Celtics

Celtics

BOSTON — From the end of the Boston bench, a suit-coat clad Aron Baynes swung his arm vigorously in celebration. Next to him, a blazer-wearing Al Horford did a double fist pump. Soon, Kyrie Irving rose to his feet and applauded the sequence in front of him.

Robert Williams had just swatted New Orleans Pelicans superstar Anthony Davis for the second time in Monday’s game, the Celtics rookie somehow leaping high enough early in the fourth quarter to smother Davis’ fadeaway attempt almost the instant it left his hand.


Most nights it’s Williams on the bench, oozing his palpable joy as the Celtics regulars compete. But, on a night in which half of Boston’s regulars were sidelined, it was the veterans who reveled in the best game of the rookie’s young career.

"There’s not too many guys in the league that can block Anthony Davis’ shot,” said Marcus Morris. That alone is special. And he showed that a few times.

“He’s a young guy and, once he really learns and once he really gets out there and has time to play, he’s going to be a beast.”

With Boston’s frontcourt decimated by injuries, with Horford (knee), Baynes (ankle), and Guerschon Yabusele (ankle) all sidelined for the visit from the Pelicans, the Celtics ran Williams for 26 minutes — or just a few minutes less than he had played through the first nine games of his NBA career. 

The extremely active rookie responded with 7 points, 11 rebounds, and 3 blocks in Boston’s 113-100 triumph at TD Garden. And it was the two rejections of Davis, bookending Williams’ night, that left everyone in the building buzzing about his potential.

Even Davis.

“[Williams is] good. He’s talented. A good defensive player,” Davis said after scoring a game-high 41 points but on 34 shots. "He got another [block] at the other end late in the second half. I just tried to change it up a little bit but I was surprised he got the first one.”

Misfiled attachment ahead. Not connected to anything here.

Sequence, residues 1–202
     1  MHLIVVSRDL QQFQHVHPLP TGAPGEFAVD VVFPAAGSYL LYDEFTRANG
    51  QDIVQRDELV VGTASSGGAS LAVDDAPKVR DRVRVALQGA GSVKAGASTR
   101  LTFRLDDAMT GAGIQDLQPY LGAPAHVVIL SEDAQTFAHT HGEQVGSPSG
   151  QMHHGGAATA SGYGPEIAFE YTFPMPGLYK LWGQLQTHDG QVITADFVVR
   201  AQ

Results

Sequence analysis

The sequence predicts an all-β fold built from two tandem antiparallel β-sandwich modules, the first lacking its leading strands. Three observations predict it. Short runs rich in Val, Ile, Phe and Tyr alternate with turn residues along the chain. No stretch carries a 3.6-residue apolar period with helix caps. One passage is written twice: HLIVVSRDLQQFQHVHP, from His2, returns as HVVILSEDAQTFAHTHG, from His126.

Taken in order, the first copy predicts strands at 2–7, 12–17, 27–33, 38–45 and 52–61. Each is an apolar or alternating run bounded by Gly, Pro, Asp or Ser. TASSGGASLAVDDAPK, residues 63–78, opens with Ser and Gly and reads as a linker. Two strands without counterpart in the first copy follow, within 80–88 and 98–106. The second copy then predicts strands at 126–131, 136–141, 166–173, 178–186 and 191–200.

A minute after Williams checked in late in the first quarter, Davis caught the ball on the blocks. With a left-handed dribble into the paint, Davis tried to get the rookie off his feet but Williams stayed planted. Davis then rose, looking for a little left-handed hook but Williams leaped to contest and managed to swat the shot the other way off his fingertips.

Before the game, Williams, a Louisiana native, had showered Davis with praise. But also noted, “He’s my opponent. . … I’m just focusing on playing defense the way the coaches want us to play defense.”

Williams, who has embraced the nickname of Time Lord bestowed upon him by Boston’s ravenous Twitter fan base after a couple of tardiness issues at the start of his Celtics tenure, has earned heavy hype despite a limited role. His raw athleticism — unlike anything these often low-to-the-ground Celtics have seen in recent seasons — and his loud alley-oop finishes quickly endured him to fans.

Williams is averaging a robust 1.25 points per play, according to Synergy Sports offensive data, feasting on dunks and putbacks while only straying from the basket to set screens. Synergy defensive data has Williams allowing a mere 0.70 points per play, albeit on a minuscule sample (30 possessions defended). Still, Synergy data suggests opponents are shooting a mere 26.1 percent against him, a crazy number even for someone feasting on trash-time reps, particularly when you consider how often he was matched up with Davis on Monday.

As much as Williams' blocks will dominate the highlight reel, Davis did have his moments against the rookie. As Celtics coach Brad Stevens deadpanned after the game, “Well, he held him to 41.” But Stevens was just as quick to praise Williams for his relentless energy and effort.

"I thought Robert did a lot of good things,” said Stevens. “When you’re shooting jumpers and Robert’s in the vicinity, you feel him. When you’re shooting around the rim and he’s in the vicinity, you feel him. And I think he can improve a lot but I thought he did a really good job.”

Stevens has shown unwavering faith in the rookie, even after his transgressions like a missed flight that left him absent for the team’s first summer league practice. Williams has atoned with a fierce work ethic — and an apartment next to the team’s sparkling new practice facility. Williams is eager to please and Celtics executives wonder if the bumps in the road after draft day ultimately put Williams on a path to succeed.

If nothing else, Williams’ personality is lighting up the Celtics’ locker room. Veterans have put him in charge of the music. And Williams never seems to stop smiling. He has a propensity to curse and is the first to poke fun at himself.

Like before Monday's game when a reporter offered congratulations on the recent birth of his daughter. Williams deadpanned, "She looks just like me. I don’t know if that’s a good thing.”

One thing is for certain, the Celtics liked the way Williams looked on Monday.

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